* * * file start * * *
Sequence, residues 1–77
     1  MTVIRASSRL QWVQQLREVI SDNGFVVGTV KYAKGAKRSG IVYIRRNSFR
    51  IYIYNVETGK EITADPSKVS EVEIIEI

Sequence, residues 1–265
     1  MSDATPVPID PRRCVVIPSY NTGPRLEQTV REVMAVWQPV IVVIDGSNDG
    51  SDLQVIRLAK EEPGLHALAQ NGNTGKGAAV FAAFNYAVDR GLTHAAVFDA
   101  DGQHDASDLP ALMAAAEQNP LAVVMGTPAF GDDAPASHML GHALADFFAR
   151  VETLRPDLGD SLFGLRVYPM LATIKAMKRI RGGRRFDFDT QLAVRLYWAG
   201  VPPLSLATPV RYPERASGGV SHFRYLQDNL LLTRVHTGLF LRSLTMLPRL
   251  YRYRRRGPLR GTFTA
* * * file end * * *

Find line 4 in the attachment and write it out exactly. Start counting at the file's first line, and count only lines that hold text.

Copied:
Sequence, residues 1–265